Ancient Monuments

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Three prehistoric carved rocks on Goldsborough Rigg, Cotherstone Moor, 860m SSE Pitcher House

A Scheduled Monument in Cotherstone, County Durham

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Coordinates

Latitude: 54.5546 / 54°33'16"N

Longitude: -2.0678 / 2°4'3"W

OS Eastings: 395714.208514

OS Northings: 517704.629569

OS Grid: NY957177

Mapcode National: GBR GH0S.42

Mapcode Global: WHB4B.6SL8

Entry Name: Three prehistoric carved rocks on Goldsborough Rigg, Cotherstone Moor, 860m SSE Pitcher House

Scheduled Date: 16 April 1999

Source: Historic England

Source ID: 1016598

English Heritage Legacy ID: 31789

County: County Durham

Civil Parish: Cotherstone

Traditional County: Yorkshire

Lieutenancy Area (Ceremonial County): County Durham

Details

The monument includes three prehistoric carved rocks on Goldsborough Rigg,
overlooking Goldsborough Carr, Cotherstone Moor.
The easternmost rock measures 2.3m by 1.9m by 0.3m high, and has many cups,
at least six of them with rings, and several grooves.
The middle rock is 7m to the west and is mainly covered by turf. The visible
part measures 0.7m by 0.4m by 0.15m high. The carving consists of at least one
cup under the turf.
The westernmost rock is partly covered by turf. It is level with the ground
and the visible part measures 0.7m by 0.5m. The carving is partly obscured by
the turf, and consists of at least five cups, at least one of which has a
ring, and at least one groove.

MAP EXTRACT
The site of the monument is shown on the attached map extract.
It includes a 5 metre boundary around the archaeological features,
considered to be essential for the monument's support and preservation.

Source: Historic England

Reasons for Scheduling

Prehistoric rock art is found on natural rock outcrops in many areas of upland
Britain. It is especially common in the north of England in Northumberland,
Durham and North and West Yorkshire. The most common form of decoration is the
`cup and ring' marking where expanses of small cup-like hollows are pecked
into the surface of the rock. These cups may be surrounded by one or more
`rings'. Single pecked lines extending from the cup through the `rings' may
also exist, providing the design with a `tail'. Pecked lines or grooves can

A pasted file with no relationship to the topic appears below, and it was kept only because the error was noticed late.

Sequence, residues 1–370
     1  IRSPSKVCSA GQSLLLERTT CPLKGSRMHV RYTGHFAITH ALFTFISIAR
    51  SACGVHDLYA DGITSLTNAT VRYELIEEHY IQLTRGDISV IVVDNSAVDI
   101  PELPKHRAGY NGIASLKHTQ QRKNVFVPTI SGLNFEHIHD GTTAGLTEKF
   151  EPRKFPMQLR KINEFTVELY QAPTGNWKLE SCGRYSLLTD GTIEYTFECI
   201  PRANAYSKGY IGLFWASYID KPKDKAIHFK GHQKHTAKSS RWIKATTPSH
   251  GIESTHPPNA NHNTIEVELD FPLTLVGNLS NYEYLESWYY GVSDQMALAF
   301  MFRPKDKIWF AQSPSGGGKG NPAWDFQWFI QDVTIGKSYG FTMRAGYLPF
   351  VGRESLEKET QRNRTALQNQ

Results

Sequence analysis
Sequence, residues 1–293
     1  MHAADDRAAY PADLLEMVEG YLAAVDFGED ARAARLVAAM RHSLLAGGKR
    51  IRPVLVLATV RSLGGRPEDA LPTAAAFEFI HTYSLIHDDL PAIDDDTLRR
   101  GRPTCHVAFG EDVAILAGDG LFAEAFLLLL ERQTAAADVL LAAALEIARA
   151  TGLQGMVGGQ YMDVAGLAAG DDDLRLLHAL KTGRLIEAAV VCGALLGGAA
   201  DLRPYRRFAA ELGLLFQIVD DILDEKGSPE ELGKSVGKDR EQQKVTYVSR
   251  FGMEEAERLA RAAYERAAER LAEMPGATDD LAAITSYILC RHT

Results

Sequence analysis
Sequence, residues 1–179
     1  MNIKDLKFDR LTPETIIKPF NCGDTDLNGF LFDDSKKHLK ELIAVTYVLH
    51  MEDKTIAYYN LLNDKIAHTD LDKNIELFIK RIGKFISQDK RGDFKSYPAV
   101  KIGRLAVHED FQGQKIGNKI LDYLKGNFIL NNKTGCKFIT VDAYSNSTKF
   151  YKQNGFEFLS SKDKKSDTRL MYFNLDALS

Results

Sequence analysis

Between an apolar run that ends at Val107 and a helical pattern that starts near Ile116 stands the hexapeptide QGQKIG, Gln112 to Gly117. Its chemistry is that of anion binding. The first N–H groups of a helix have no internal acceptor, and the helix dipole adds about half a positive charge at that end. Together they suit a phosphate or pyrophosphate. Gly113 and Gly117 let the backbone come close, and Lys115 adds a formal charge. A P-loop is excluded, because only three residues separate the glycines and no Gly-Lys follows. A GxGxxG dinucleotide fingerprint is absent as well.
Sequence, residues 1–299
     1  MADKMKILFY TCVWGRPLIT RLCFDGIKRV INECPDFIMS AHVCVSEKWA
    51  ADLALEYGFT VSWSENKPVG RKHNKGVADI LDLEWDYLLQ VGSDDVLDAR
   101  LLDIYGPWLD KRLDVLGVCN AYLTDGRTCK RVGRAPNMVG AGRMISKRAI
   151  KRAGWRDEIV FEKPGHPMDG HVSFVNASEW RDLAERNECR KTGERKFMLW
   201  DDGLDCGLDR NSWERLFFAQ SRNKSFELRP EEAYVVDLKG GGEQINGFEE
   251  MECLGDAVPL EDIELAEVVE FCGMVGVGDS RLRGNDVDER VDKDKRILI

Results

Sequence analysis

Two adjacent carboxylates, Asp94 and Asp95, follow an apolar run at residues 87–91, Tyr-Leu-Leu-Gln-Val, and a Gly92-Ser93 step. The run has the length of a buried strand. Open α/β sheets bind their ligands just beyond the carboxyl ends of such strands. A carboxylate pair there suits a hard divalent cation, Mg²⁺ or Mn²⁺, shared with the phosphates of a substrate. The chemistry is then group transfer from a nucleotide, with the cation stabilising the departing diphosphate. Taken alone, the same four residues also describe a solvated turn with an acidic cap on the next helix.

also exist in isolation from cup and ring decoration. Other shapes and
patterns also occur, but are less frequent. Carvings may occur singly, in
small groups, or may cover extensive areas of rock surface. They date to the
Late Neolithic and Bronze Age periods (2800-c.500 BC) and provide one of our
most important insights into prehistoric `art'. The exact meaning of the
designs remains unknown, but they may be interpreted as sacred or religious
symbols.
Frequently they are found close to contemporary burial monuments and the
symbols are also found on portable stones placed directly next to burials or
incorporated in burial mounds. Around 800 examples of prehistoric rock-art
have been recorded in England. This is unlikely to be a realistic reflection
of the number carved in prehistory. Many will have been overgrown or destroyed
in activities such as quarrying. All positively identified prehistoric rock
art sites exhibiting a significant group of designs will normally be
identified as nationally important.

The carvings on the three rocks on Goldsborough Rigg, Cotherstone Moor, 860m
SSE of Pitcher House survive well and they are some of several carved rocks in
the Goldsborough area. They will therefore contribute to the study of
prehistoric carved rocks.

Source: Historic England

Sources

Other
Beckensall, S and Laurie, T , Prehistoric Rock Art of County Durham Swaledale and Wensleydale, forthcoming
Beckensall, S and Laurie, T , Prehistoric Rock Art of County Durham Swaledale and Wensleydale, forthcoming
Beckensall, S and Laurie, T , Prehistoric Rock Art of County Durham Swaledale and Wensleydale, forthcoming
Beckensall, S and Laurie, T , Prehistoric Rock Art of County Durham Swaledale and Wensleydale, forthcoming

Source: Historic England

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